[0017] There can be security issues involved with seamless access control. For example, a seamless access system that opens the door when an authorized user is within two meters, may allow multiple persons to enter instead of only the credentialed user when another person is close behind or “tailgating” the credentialed user. The radio frequency signal transmitting capability of a UWB capable device can be used to improve security of a seamless access system.

[0018] In the seamless access system, UWB capable Reader device may switch from

Two Way Ranging operation to one way transmitting of radio frequency (RF) signal pulses and detecting of received RF pulses that are the transmitted RF pulses reflected off of objects. The transmitting of pulses and the receiving of the reflected pulses can be used by the UWB capable Reader device as radar to detect tailgating.

[0019] In some examples, the RF pulses may be a specific string or pattern of UWB pulses. The UWB capable Reader device may include a correlator to determine the channel impulse response (CIR) from the transmitted pattern of pulses. The correlator may be included in processing circuitry of the UWB capable Reader device. The correlator may determine the CIR by acting as a deconvolution operator on the known pulse pattern. In some examples, the specific pulse pattern transmitted has low autocorrelation properties. In some examples, preamble symbols included in the ranging packets may be the pulse pattern transmitted for the detection radar.

[0020] FIG. 3 is a block diagram illustrating using the UWB capable Reader Device for UWB radar. The UWB capable Reader Device 302 transmits radar pulses. The signals transmitted by the UWB capable Reader Device cause signals to be reflected by objects and persons in the environment of the UWB capable Reader Device. By determining the CIR of the reflected signals, a UWB capable Reader Device may obtain information of the RF properties of its environment. By regularly estimating the CIR based on the reflected signals, the UWB capable device can identify changes in the surrounding RF properties, such as changes due to a moving person. Thus, the estimation of the CIR based on the reflected signals by the UWB capable device provides basic radar functionality. This can be used by the UWB capable Reader Device following the ranging / intent detection operations to detect when more persons than the user try to physically pass through a physical portal when the user is given access. For example, an additional reflected signal may be received due to the transmitted signals reflecting off the additional person. The additional reflection may be detected by the processing circuitry of the UWB capable Reader Device as a change in the CIR of received reflected signals.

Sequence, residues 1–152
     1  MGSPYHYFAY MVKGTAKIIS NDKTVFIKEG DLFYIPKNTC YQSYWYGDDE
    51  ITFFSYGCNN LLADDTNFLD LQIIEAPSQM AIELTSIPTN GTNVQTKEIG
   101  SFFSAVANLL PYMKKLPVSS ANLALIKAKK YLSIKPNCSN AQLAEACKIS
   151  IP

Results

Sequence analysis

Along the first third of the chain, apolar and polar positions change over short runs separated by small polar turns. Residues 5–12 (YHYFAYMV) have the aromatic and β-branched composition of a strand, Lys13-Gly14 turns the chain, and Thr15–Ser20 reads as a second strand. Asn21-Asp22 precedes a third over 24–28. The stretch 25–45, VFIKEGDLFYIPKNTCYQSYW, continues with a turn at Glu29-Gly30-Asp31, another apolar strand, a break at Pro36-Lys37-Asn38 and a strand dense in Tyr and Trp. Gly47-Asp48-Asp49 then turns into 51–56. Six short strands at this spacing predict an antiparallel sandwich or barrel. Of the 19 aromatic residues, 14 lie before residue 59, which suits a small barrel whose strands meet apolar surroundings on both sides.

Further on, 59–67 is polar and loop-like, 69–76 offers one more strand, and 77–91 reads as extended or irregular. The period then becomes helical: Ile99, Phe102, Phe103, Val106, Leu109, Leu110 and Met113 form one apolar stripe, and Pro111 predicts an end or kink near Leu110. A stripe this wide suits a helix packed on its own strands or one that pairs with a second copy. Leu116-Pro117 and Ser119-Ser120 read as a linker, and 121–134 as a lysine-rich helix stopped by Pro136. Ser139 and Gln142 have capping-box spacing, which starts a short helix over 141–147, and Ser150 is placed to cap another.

[0021] FIG. 4 is a flow diagram of a method 400 of operating a seamless PACS. At

405, access credential information is transferred to a UWB capable reader device from a credential UWB capable device of a user. The credential UWB capable device may be a smart UWB capable device (e.g., a smartphone or smartcard) storing access credential information. The reader device may be an authorization-only device that compares the credential information to credential information that is allowed access, or the reader device may be a combination authorization and control device that evaluates credential information and provides access through a physical portal (e.g., a door) when the credential information meets the criteria for access.

[0022] To exchange information, the credential UWB capable device may request to open a communication channel with the reader device to transfer the credential information. The communication channel may be a UWB communication channel or may be an out of band (OOB) channel. An example of an OOB channel is a Bluetooth communication channel or a Bluetooth Low Energy (BLE) communication channel. Using BLE for the discovery phase and credentialing phase offers lower energy consumption overhead during the device discovery phase between the credential device and the reader device.

[0023] At 410, ranging information is transferred to the UWB capable reader device from the credential UWB capable device. The credential device and the reader device may perform two-way ranging (TWR) and the ranging information may include the credential device and the reader device exchanging packetized information. The ranging information is exchanged using a UWB communication channel. In some examples, the UWB capable reader device and the credential UWB capable device may switch from communication using an OOB communication channel to using the UWB communication channel to transfer the ranging information when the reader device determines that credential information allows access.

[0024] At 415, in response to authenticating the credential information and determining that the user is present and intends to pass through the physical portal using ranging, the reader device authorizes the user to pass through the portal. The UWB capable reader device may provide an indication of authorization (e.g., a signal or a code) to an access controller device that provides the physical access. If the reader device is a combined reader- control device, the reader-control device grants physical access to the portal (e.g., by automatically opening or unlocking a door).